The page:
project 365 #68: red shopping cart by the dollar store
Originally uploaded by mygothlaundry.
I'm going to a memorial service for my old friend Michael Tyzack, who was my professor when I was an art major at the College of Charleston, who taught me about paint and color and how you should take care of your brushes. A couple of years later, when he was on a sabbatical year in NYC, living in a Soho loft, we dated for several months. And then we didn't anymore and I went on and lived my life and he lived his and there was no contact. Then, a little bit after I moved here and was working at the art museum, a card came announcing a retrospective of his at the College gallery, where, in other news, I did my work study stint in college, hanging shows and arranging gallery attendants and, incidentally, firing my friend D, who is still a friend of mine and still prone to always being late.
So I went to Charleston to Michael's show, because I hadn't seen him in so very long and he was overwhelmingly happy to see me. Michael was an Englishman who never lost his inimitable British accent and some of the stories he told me I still am telling, like the one where he went at age 15 with his Irish uncle to a bar in Dublin and, when asked to order a drink, ordered Scotch because he had never ordered a drink before but had heard his father do it. Silence fell, and his uncle said, "You're in Ireland and you'll drink Jamesons." And so, he did.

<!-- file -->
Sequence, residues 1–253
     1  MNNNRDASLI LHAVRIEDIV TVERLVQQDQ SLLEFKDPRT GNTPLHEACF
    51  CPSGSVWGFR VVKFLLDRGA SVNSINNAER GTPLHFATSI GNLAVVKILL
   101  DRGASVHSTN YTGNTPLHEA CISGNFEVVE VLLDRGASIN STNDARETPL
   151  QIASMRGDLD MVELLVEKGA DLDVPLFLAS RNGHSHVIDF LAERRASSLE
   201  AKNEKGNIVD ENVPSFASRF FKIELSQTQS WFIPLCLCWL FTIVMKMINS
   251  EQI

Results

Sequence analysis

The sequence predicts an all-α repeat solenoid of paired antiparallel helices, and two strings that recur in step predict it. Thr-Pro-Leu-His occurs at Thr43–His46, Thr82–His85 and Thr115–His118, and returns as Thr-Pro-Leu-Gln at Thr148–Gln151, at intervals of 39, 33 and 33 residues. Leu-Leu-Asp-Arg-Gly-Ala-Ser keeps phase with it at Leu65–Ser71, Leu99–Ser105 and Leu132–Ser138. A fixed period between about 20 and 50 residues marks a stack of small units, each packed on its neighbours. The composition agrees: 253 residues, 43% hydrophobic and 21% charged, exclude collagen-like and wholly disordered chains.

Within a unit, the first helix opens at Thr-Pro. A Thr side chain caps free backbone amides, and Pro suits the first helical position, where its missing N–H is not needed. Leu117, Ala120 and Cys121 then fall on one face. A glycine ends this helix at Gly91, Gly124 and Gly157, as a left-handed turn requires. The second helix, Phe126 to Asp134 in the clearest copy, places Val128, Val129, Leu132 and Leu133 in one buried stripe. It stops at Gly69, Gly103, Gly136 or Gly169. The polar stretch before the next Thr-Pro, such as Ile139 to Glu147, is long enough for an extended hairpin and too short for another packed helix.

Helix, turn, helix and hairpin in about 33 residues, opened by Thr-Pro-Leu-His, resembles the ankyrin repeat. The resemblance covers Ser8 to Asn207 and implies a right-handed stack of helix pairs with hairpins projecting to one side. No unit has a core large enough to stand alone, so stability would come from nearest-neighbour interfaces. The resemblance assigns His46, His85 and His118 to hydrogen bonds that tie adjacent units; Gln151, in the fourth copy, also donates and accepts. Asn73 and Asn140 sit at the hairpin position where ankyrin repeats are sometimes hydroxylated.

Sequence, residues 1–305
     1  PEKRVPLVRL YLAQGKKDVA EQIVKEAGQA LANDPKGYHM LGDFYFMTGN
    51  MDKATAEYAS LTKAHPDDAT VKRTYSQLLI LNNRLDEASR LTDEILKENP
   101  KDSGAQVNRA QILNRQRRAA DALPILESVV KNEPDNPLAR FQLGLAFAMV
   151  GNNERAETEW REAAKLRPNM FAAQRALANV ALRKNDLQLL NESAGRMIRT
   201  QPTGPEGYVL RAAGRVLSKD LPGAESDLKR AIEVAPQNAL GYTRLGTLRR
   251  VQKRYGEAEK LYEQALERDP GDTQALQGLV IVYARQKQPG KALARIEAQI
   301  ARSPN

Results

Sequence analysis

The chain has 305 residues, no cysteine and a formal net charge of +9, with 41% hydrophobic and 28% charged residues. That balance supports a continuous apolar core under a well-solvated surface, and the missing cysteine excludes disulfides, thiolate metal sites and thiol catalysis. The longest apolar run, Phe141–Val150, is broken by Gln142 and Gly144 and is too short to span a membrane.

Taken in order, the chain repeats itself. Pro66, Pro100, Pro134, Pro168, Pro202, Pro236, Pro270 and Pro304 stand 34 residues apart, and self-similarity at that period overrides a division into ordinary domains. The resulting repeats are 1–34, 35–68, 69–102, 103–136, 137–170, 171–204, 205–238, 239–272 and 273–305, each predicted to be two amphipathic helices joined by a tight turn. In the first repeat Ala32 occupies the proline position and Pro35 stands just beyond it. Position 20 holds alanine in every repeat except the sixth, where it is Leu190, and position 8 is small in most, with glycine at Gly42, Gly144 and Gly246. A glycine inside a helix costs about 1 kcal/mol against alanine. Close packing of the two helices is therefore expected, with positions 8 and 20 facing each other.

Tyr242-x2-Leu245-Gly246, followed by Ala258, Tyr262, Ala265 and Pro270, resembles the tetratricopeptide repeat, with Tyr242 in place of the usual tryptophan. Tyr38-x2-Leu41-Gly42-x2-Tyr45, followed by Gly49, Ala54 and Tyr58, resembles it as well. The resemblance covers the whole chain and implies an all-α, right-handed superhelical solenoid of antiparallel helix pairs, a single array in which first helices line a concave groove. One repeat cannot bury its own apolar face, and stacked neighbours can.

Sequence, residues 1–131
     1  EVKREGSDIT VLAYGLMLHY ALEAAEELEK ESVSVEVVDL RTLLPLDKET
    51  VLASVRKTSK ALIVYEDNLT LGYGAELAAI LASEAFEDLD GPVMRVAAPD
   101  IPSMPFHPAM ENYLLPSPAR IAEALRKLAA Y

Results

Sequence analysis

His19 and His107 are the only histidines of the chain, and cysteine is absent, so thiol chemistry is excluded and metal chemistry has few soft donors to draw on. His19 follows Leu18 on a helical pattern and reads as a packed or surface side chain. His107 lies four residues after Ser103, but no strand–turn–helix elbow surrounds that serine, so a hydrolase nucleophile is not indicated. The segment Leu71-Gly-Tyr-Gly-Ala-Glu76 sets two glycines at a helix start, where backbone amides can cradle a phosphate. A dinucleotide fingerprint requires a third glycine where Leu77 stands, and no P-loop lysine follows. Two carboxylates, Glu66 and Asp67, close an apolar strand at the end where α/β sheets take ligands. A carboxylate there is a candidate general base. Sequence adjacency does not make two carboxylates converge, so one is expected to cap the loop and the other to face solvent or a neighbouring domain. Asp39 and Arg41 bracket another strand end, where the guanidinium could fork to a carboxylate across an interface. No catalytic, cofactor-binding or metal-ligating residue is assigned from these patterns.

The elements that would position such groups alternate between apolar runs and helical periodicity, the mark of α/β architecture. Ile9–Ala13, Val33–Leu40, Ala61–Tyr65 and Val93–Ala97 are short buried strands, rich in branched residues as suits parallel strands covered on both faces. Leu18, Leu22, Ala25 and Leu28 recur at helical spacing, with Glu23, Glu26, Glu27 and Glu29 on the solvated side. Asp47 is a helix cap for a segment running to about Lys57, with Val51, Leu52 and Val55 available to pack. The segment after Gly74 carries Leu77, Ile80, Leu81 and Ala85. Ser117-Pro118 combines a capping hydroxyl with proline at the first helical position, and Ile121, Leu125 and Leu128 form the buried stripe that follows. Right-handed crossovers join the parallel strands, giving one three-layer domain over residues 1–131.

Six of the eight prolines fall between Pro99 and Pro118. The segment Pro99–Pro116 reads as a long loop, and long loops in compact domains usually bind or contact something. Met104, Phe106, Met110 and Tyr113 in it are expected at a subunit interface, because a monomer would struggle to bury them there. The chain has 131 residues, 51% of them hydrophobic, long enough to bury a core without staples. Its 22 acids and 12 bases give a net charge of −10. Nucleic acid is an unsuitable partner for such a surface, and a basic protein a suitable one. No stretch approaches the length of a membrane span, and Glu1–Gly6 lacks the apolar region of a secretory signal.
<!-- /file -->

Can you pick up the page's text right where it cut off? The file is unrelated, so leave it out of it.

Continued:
He watched me standing by a window once and said, almost surprised, "Do you know, you're really quite extraordinarily beautiful right now." "Yes," I said, since I was gutsier then and naked, "Yes, I know." And he laughed and probably pulled me back to bed. When I saw him in Charleston those five or so years ago I said, "Do you remember how we broke up? Because I can't, and it's bothering me." "Oh," he said, "We just faded away." And I guess we did. He was happy as hell to see me then and I was happy to see him and we went for a drink which was lovely and I would have stayed with all the people for dinner but I was underdressed (which is, I believe, where I started with this) because I had come down from Asheville in, god help me, jeans and probably hiking boots, to re-encounter downtown Charleson in all their finery and I felt dowdy and young and foolish, which is often how I felt with Michael, and so I begged off. We fought about that when I was dating him and finally he took me to a dinner party at Sean Scully's loft and I was, alas, dowdy and young and foolish and ignored. And now I am going to his memorial service: still dowdy, still foolish but not so young.
Note. After rereading this a couple of days later I want to make sure it's clear that it was only me and my insecurity (and my reprehensible taste in clothes) that made me feel dowdy and/or foolish. Michael never did; he was great.